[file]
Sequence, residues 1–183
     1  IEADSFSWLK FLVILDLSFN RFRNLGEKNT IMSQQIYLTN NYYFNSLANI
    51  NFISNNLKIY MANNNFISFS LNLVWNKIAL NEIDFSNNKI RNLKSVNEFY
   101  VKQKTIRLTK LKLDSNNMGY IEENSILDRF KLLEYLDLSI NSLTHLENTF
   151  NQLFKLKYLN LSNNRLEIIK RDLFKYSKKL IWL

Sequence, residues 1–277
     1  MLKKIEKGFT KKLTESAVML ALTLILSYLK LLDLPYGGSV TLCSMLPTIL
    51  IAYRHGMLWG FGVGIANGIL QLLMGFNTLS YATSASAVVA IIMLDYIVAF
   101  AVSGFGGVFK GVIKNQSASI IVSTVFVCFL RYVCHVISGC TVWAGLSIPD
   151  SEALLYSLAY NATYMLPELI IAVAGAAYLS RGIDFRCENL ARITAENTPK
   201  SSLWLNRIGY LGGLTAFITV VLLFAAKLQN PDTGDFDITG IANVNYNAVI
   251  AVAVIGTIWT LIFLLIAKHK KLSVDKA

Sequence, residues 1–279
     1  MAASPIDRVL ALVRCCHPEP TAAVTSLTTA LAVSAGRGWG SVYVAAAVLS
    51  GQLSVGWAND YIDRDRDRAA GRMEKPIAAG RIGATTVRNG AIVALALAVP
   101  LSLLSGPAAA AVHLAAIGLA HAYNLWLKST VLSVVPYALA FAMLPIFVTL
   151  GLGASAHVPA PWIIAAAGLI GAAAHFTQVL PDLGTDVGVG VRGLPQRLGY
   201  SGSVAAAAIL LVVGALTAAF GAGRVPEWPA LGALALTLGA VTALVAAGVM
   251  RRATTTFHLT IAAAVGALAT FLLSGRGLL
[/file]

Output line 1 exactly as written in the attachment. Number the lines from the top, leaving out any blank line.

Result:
Sequence, residues 1–183